|FMP/FREE MUSIC PRODUCTION - An Edition of Improvised Music||1989-2004|
FMP CD 0
Those of us who can remember the Cecil Taylor, who, in the seventies, in the Berlin Philharmonie, hammered out hour-long cluster cascades in the piano with a kind of obsessed monomania, and used the piano almost like a permanently returnable 'sound-machine', or 'polished' it as if it were a glittering mirror of sound, whose emphatic 'sound' dialogs then 3ushed forth, while the left hand vigorously rubbed his head, those who used to love Cecil's purism, his absoluteness, his hardened crystalline material, allowing no wavering or carelessness, would be amazed as they watched the stylistic, flexible and imaginative improvisation process taking place as the Workshop-Ensemble was put through its paces under his guidance.
In the old times,-`his great secret was just how he was able to get this cluster material, this cosmos of breathtaking, articulated sounds, cascades and driving-whirling scales, 'swinging'. Nowadays, it is fascinating to see how he guides a heterogeneous group of 13 jazz musicians through a process lasting three quarters of an hour where yelling or clapping, in rebellious mood as soloist or in smaller groups or even in 'big band' format, they make such a music that at every instant a oneness, a shifting feeling of coherence remains distinct that, especially in the processes of free jazz, is so easily abandoned in favour of a destructive type of playing or solo eruptions, or grating conversations, or minimalistic 'coasting'. Cecil Taylor's Workshop Ensemble expresses time, and shapes the whole process with such flexibility of musical language - this also applies to the changes in instrumental colour, the dynamic shading, the type of articulation - that it can actually be experienced as a meaningful Jazz process. However, it is very quickly apparent that in spite of all the concentration, despite all the relationships of the players to each other, Jazz is not treated as a tasteful so called 'Saloon-bar' phenomenon. Taylor insists, from the outset, on passion, on emotion and he himself kindles his Jazz through screams, or longer recitations that he, as a High Priest of Jazz, speaks almost like a ritual, almost cries in ecstasy "Bay-bay-bay bay, bay, bay, three have to play: you, you and you".
The rest of his words tinged with a passionate, threatening challenge for someone to start playing: zsssss.
At first, one is content with Chamber music. Individual musicians - trombone, violin, saxophone - display themselves, after flute, clarinet, trombone and drums have already started, using a loose kind of material that, for the first time, after about five minutes and after several of the horns have been thrown together in the tussle, thickens into an explosive wall of sound, to a type of chaotic structure that is well known from the Jazz at the end of the 'sixties'.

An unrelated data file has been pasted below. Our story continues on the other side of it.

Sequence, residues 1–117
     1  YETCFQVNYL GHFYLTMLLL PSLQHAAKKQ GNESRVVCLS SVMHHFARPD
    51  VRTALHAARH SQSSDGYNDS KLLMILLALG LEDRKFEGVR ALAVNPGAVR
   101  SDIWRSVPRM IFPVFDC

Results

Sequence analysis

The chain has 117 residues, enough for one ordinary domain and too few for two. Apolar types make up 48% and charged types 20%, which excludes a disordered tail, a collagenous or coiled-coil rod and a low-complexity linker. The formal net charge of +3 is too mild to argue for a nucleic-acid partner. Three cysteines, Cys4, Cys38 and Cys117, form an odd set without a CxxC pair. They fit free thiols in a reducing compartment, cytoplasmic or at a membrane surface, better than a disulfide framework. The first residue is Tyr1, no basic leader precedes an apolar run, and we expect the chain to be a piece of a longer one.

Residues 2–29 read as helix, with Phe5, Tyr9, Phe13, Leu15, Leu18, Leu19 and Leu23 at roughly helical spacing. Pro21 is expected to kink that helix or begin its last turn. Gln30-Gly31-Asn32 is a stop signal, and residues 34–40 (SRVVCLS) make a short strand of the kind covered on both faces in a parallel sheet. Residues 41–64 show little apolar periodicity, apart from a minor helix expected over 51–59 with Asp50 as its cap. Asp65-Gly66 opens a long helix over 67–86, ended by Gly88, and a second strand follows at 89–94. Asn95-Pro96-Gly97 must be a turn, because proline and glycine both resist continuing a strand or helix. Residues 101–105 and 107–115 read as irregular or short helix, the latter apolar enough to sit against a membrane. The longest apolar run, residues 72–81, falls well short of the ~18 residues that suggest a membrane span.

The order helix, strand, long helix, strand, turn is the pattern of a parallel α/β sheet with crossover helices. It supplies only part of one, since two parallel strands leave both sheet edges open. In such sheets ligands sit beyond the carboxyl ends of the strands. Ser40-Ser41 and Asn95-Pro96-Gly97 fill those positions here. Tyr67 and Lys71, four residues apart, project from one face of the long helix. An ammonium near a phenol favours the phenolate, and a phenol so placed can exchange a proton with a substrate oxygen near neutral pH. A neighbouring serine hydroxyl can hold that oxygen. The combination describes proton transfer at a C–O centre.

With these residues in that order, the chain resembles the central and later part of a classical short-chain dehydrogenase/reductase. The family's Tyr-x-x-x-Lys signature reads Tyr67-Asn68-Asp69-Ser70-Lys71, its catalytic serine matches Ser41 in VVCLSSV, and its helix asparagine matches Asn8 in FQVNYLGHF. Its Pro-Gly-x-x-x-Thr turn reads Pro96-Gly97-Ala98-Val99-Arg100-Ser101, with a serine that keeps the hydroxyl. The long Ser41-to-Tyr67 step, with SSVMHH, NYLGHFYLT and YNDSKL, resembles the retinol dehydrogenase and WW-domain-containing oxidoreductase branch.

A finely woven carpet of bass - and drums - articulation sounds develops, and over the top a wide, vaulting trombone solo. It is held together also through the use of a certain kind of figurative material, through secondary riffs, which are constantly picked up one at a time or by those vocal 'Ah' outburst, cried out like a choir, or left gently floating only to be pushed aside with a Sch-sch-sch sound into the piano, so that the Maestro can be heard as narrator in the background, and after ten minutes, can then launch into a full scale vocal lamentation in which a strangely gilded, angelic type of voice, full of energy, cuts in. Virtuoso cadenzas from both violin or saxophone are, occasionally tinged and 'counter pointed' with voice and then, after a long pedal tone from the bass instruments, the particular strains of the soprano saxophone and the oboe become audible for the first time, backed by the sound of the whole group, until once again the breathtaking, desiccated, broken-up violin cadenza takes hold over an emphatic trombone solo and all of a sudden the virtuoso violin transforms the total music. Once again the choir-like cries: "he" and "ho" or glissando-like protests.
It is such alternations between the textures and the individual groups, that make this jazz process so interesting, the change from chamber music to jazz from the "band", between accompanied recitation and a diverse, thoughtful kind of playing, right through and beyond the bounds of Pianissimo.
After 20 minutes, a marked change in the material can be heard: staccato, repetitious notes in three/four time dominate, thus giving the whole structure again some kind of resemblance to the coolly, formulated beginning: single 'sound' groups introduce, at regular intervals, different material, and you can feel, and then hear how the whole ensemble once again organizes itself into an enormous, orchestral appendage, and how in a huge shriek, pulls itself together-backed by some intense drumming, and the basses. Until it finally reaches this last, great outburst, several so called 'smaller concerts' have taken place whereby single groups of instruments 'combat' against each other in a musical battle. And then what follows has the gentleness of a 'last refrain', in which each instrument takes on its solo role, regularly accompanied by the ritualistic, vocal interjections of the Master in the background. This kind of coda shows, once again, Taylor's supreme sense of timing.
"Bay-bay-bay -bay, bay, bay, three have to play, you, you and you".
Let's listen friends.
Translation: Paul Lytton